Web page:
About halfway through February, every year, I forget.
I forget about above-zero and outdoor music festivals and ice cream on cathedral steps and food carts on the plaza and sandal tans and colours. I look at the sky and it's grey and I look at the ground and it's white. I forget that there are other colours that outside can be.
So I sit by the window and glare at the clouds as though they are snowing just to spite me. I forget that clouds are only floating masses of condensed water vapour and typically do nothing out of malevolence. I forget that I am way too insignificant for clouds to care about my feelings even if they could.
"Yesterday," I muse, "it was winter. Today, it is winter. Tomorrow, it will be winter." I forget that seasons are like bike tires and that spring is actually going to come around again.
It is. It has to. At least, it did last year, I think.
But I can't remember for sure. Is there ever going to be anything other than huddling under blankets and cars that won't start and roads so slick you could skate to the grocery store? I look out the window. So much snow. I'm not sure there hasn't always been this much snow.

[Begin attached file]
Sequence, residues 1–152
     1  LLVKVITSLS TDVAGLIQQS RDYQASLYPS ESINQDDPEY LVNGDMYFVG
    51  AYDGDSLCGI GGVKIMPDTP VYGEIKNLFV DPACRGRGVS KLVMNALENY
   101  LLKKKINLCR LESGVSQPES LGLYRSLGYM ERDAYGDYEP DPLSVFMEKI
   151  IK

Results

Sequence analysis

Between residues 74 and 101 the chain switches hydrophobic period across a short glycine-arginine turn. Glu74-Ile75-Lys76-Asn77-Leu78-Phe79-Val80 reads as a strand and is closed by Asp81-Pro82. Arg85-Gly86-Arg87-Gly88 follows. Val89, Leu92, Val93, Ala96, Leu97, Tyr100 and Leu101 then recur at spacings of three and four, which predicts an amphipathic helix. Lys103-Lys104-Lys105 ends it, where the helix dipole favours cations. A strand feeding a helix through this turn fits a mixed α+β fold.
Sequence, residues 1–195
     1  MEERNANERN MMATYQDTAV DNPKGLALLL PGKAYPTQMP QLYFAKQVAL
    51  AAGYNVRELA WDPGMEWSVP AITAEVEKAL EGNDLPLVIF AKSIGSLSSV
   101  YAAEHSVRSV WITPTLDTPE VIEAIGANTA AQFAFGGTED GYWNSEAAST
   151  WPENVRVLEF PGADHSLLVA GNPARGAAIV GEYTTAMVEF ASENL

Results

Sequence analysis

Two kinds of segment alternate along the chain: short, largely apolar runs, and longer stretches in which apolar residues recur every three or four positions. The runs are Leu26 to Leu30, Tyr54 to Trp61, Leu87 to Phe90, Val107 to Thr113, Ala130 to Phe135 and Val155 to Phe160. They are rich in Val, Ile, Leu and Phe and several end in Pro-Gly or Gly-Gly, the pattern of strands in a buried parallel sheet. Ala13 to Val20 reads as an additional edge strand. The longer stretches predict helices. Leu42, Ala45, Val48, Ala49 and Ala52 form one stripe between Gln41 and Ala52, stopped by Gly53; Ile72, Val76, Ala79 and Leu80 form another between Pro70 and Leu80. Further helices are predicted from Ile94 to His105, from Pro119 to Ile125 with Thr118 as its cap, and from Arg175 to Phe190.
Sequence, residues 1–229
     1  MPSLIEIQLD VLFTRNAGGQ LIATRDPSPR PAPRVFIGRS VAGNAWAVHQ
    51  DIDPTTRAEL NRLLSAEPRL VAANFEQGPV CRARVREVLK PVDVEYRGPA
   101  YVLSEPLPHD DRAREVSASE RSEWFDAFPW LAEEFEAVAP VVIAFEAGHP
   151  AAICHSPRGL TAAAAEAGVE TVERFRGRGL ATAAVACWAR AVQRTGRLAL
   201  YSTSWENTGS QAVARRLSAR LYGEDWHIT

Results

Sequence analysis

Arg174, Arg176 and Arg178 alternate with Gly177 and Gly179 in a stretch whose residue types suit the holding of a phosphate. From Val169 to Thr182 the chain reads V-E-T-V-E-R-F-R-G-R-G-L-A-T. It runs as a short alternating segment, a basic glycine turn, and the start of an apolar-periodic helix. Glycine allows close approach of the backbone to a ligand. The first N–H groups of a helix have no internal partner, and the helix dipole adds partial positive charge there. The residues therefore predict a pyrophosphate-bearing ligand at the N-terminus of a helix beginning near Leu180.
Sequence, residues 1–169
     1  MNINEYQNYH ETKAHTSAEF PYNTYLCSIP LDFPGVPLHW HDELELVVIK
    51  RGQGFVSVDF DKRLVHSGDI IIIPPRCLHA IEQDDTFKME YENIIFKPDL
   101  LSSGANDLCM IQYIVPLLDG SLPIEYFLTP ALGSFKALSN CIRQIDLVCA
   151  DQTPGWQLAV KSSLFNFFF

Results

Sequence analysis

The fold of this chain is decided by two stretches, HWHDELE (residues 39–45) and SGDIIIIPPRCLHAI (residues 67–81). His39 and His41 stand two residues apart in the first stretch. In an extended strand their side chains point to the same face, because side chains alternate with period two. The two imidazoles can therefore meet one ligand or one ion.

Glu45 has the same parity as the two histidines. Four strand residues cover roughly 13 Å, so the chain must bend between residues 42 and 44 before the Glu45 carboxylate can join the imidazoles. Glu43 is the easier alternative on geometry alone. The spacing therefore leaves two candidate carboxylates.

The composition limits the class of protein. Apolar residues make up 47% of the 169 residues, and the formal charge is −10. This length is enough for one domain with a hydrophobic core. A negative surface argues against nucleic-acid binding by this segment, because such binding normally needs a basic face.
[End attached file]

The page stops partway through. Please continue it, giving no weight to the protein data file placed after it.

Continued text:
But on Monday, the sun came out a little. (I like to think that the sun has a soft spot for me, infinitesimal though I may be.) The clouds went off to bother someone else and the temperatures skyrocketed to zero and it was warm enough to leave the house with your coat unbuttoned. So I made a point of it.
Barclay and I bundled Sullivan up and took him on his First Ever Walk to The Naked Bean, our favourite little coffee shop down the street. He slept through the whole thing and the shop was closed because it was a holiday.
But the point is not that. The point is that it just felt so good to get out and that the simple act of walking down the street without getting frostbitten jogged my memory enough to maybe get me through till April.
There is life after snow.